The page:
27 Apr 2021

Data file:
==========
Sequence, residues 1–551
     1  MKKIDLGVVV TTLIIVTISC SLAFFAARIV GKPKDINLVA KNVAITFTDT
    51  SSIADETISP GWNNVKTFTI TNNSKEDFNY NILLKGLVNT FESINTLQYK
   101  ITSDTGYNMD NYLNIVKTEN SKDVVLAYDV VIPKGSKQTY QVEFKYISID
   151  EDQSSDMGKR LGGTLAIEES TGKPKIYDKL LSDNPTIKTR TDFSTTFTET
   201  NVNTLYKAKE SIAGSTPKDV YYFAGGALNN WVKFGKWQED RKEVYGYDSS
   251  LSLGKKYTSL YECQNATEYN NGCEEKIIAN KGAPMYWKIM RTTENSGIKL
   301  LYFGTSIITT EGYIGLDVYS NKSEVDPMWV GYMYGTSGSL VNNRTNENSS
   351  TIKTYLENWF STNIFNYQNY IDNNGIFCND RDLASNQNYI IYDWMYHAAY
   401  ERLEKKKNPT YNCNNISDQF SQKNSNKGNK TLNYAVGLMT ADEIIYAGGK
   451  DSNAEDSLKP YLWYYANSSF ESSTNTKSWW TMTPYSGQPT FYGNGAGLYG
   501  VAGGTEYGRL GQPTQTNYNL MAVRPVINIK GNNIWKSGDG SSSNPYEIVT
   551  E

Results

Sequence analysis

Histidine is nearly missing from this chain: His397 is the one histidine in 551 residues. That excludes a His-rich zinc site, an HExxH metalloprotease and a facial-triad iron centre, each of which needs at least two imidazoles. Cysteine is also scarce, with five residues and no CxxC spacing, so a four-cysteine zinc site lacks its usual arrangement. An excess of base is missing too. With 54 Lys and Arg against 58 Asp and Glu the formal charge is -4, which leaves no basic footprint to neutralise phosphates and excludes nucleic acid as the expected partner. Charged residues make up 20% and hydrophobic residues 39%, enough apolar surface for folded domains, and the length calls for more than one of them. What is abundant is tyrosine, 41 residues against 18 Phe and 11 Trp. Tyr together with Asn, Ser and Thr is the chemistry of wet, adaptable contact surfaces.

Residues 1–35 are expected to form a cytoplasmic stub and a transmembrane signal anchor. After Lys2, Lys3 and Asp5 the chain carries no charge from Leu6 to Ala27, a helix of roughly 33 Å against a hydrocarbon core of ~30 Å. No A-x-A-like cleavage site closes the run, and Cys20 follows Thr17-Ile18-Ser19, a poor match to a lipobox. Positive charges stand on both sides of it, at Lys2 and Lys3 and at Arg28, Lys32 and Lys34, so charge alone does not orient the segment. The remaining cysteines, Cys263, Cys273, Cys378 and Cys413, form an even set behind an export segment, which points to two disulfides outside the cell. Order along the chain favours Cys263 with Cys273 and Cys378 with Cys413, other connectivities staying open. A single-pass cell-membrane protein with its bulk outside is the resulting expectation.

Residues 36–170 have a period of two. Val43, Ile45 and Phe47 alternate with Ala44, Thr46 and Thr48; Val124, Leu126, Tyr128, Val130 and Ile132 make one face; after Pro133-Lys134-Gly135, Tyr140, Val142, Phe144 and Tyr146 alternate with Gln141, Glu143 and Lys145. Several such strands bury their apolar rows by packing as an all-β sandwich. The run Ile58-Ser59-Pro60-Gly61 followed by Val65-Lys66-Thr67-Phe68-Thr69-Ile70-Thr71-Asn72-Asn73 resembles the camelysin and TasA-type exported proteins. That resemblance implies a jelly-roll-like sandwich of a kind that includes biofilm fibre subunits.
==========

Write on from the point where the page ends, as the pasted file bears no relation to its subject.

Budbreak is one of the most observed and studied phenological phases in perennial plants. Two dimensions of exposure to temperature are generally used to model budbreak: accumulation of time spent at low temperatures (chilling); and accumulation of heat units (forcing). These two effects have a well-established negative correlation: the more chilling, the less forcing required for budbreak. Furthermore, temperate plant species are assumed to vary in amount of chilling required to complete endodormancy and begin the transition to breaking bud. Still, prediction of budbreak remains a challenge. The present work demonstrates across a wide range of species how bud cold hardiness must be accounted for to study dormancy and accurately predict time to budbreak. Cold hardiness defines the path length to budbreak, meaning the difference between the cold hardiness buds attain during the winter, and the cold hardiness at which deacclimated buds are predicted to open. This distance varies among species and throughout winter within a species. Increases in rate of cold hardiness loss (deacclimation) measured throughout winter show that chilling controls deacclimation potential – the proportion of the maximum rate response attained at high chill accumulation – which has a sigmoid relationship to chilling accumulation. For forcing, rates of deacclimation increase non-linearly in response to temperature. Comparisons of deacclimation potential show a dormancy progresses similarly for all species. This observation suggests that comparisons of physiologic and genetic control of dormancy requires an understanding of cold hardiness dynamics and the necessity for an update of the framework for studying dormancy and its effects on spring phenology.